Here’s the column driver damage :cry: and also a comparison of color temperature / white balance. This time, both displays sort-of look white.

When moving over to the LED screen, that’ll stay as it is…

…but when the CCFL screen gains presence, the white balance of the camera significantly auto-adjusts, for the worse. Look at the yellow-brownish part of the left screen.

What’s the color spectrum, then? Here’s the CCFL with clearly visible bands in the red (610ish nm) and green (550ish nm) parts of the spectrum. Surprisingly, there are two blue bands, one sharp one at 440ish nm (core blue) and another broader one at 490ish nm (turquoise). Both have a background band, and there’s also something in the orange region, but that’s not a primary color. The scale is about 10nm off if I recall correctly.

For comparison, this is the LED data: Huge share of blue, disappointing holes at 530nm and 580nm, and a little bit of everything in between.

Does that fit the spectrum data claimed by the AE seller?

Well, the 460nm blue peak is spot on, but I’d strongly disagree about the 590nm orange part (“dominant wave 580nm, my ass!) that would make this a well balanced spectrum. Rip-off as this is not CRI80+? Likely. But the population and therefore power density is there, and all I needed was this one meter of LED strip. And as we’ve seen from the comparison shots, even this spectrum leads to a more flashy image on this very screen compared to the probably heavily aged CCFLs.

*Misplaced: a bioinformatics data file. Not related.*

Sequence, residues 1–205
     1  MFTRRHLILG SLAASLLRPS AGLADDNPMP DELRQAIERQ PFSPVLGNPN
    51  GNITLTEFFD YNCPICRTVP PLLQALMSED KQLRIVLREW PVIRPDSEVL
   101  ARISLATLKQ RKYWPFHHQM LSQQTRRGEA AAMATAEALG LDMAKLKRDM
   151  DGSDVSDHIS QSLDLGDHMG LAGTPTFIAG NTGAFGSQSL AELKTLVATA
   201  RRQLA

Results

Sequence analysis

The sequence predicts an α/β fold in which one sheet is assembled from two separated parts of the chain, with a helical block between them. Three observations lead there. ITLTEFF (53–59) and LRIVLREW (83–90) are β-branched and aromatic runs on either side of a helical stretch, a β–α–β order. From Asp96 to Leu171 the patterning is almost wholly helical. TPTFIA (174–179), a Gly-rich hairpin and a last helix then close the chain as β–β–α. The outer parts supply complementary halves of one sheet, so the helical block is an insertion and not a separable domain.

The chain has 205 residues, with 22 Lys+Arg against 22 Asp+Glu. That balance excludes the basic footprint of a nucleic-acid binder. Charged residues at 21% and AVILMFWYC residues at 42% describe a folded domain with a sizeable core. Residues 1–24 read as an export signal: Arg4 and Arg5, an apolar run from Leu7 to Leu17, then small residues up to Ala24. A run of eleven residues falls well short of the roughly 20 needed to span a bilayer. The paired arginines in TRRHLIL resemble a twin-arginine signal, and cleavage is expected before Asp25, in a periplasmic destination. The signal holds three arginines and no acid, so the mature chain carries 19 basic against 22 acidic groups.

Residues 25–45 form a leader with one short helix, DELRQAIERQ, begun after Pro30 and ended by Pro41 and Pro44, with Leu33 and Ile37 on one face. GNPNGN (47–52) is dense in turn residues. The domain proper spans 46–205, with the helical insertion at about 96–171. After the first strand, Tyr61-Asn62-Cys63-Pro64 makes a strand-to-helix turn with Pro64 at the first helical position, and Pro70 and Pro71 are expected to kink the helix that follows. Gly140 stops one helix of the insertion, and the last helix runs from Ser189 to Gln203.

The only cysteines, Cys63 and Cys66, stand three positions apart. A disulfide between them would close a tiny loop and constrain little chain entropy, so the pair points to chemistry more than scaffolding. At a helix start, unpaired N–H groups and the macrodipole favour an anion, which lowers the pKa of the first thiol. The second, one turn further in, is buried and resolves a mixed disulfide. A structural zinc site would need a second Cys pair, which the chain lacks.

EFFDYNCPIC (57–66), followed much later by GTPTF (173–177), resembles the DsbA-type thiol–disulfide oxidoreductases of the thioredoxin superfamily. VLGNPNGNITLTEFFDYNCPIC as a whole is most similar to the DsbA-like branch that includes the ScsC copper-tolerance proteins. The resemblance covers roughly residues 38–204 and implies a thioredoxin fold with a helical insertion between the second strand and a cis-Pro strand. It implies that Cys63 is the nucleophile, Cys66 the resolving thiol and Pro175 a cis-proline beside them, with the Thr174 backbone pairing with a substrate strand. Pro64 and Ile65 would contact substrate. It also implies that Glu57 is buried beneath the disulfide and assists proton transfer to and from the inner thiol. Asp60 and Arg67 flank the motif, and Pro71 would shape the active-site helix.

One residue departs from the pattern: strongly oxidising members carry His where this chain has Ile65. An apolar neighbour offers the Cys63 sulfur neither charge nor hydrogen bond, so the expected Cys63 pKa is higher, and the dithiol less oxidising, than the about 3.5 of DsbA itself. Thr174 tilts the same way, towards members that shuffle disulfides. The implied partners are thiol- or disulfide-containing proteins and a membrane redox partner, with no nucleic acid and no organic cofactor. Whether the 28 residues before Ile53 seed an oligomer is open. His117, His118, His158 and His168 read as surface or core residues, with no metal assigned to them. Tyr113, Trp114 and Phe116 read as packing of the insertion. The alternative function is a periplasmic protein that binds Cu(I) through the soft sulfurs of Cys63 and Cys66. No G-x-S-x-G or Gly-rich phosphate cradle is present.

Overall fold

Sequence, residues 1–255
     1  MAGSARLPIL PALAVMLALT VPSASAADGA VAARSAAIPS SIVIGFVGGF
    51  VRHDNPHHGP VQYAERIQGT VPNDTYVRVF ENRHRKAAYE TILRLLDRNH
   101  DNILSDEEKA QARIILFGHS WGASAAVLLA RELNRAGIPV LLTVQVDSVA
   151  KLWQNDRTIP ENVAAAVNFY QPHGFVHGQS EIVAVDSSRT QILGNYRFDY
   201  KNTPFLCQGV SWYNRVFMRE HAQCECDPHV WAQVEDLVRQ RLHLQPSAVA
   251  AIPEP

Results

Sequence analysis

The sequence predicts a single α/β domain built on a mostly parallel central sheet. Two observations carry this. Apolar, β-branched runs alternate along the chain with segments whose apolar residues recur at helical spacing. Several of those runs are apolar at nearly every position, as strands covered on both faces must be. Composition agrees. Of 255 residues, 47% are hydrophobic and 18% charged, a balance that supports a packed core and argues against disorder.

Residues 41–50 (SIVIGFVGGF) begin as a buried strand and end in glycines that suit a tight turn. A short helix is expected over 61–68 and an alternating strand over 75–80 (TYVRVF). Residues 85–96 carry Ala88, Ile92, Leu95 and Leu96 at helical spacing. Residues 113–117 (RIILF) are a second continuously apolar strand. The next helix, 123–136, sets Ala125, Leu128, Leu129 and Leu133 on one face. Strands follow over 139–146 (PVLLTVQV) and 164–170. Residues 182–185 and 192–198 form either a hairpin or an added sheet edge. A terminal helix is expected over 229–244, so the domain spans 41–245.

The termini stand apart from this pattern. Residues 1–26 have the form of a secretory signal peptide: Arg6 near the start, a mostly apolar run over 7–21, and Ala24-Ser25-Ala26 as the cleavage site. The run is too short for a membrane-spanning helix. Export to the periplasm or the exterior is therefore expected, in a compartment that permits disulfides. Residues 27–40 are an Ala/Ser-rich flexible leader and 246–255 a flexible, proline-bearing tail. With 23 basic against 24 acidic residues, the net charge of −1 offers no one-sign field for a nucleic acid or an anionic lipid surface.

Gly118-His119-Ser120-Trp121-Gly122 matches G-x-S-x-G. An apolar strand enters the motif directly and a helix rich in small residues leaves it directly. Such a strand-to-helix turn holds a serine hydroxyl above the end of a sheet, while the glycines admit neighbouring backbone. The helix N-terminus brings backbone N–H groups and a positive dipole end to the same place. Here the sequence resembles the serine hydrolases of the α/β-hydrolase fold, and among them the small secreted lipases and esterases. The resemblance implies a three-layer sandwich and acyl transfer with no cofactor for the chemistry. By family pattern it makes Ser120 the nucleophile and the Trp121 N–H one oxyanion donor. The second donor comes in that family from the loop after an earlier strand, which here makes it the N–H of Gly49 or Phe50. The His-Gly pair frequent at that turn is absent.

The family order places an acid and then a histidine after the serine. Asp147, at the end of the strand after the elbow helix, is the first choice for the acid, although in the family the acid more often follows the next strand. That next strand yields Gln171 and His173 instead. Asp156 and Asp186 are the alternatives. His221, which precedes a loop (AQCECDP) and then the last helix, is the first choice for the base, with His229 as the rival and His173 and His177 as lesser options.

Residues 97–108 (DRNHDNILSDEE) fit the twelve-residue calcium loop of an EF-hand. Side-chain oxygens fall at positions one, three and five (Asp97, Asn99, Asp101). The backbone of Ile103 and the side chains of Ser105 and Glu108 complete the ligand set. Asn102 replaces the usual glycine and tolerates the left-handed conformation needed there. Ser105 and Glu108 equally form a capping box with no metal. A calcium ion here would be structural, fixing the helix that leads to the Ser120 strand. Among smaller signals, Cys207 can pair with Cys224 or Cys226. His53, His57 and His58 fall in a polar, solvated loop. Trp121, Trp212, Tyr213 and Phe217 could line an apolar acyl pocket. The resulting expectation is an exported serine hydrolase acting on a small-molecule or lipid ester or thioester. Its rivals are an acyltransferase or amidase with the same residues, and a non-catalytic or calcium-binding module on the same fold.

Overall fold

Would I do that conversion again? Probably not.
Was it worth the time and money spent? Likely not.
Would I recommend this to others? Surely not.
Was it fun and educational? You bet!

The old display is now no longer with me, saving a bit of my space and helping others. And the new one is set aside, for when shit hits the fan, or strange things happen with VGA-only devices that could be hard to convert to HDMI. But that’s another blog post right there…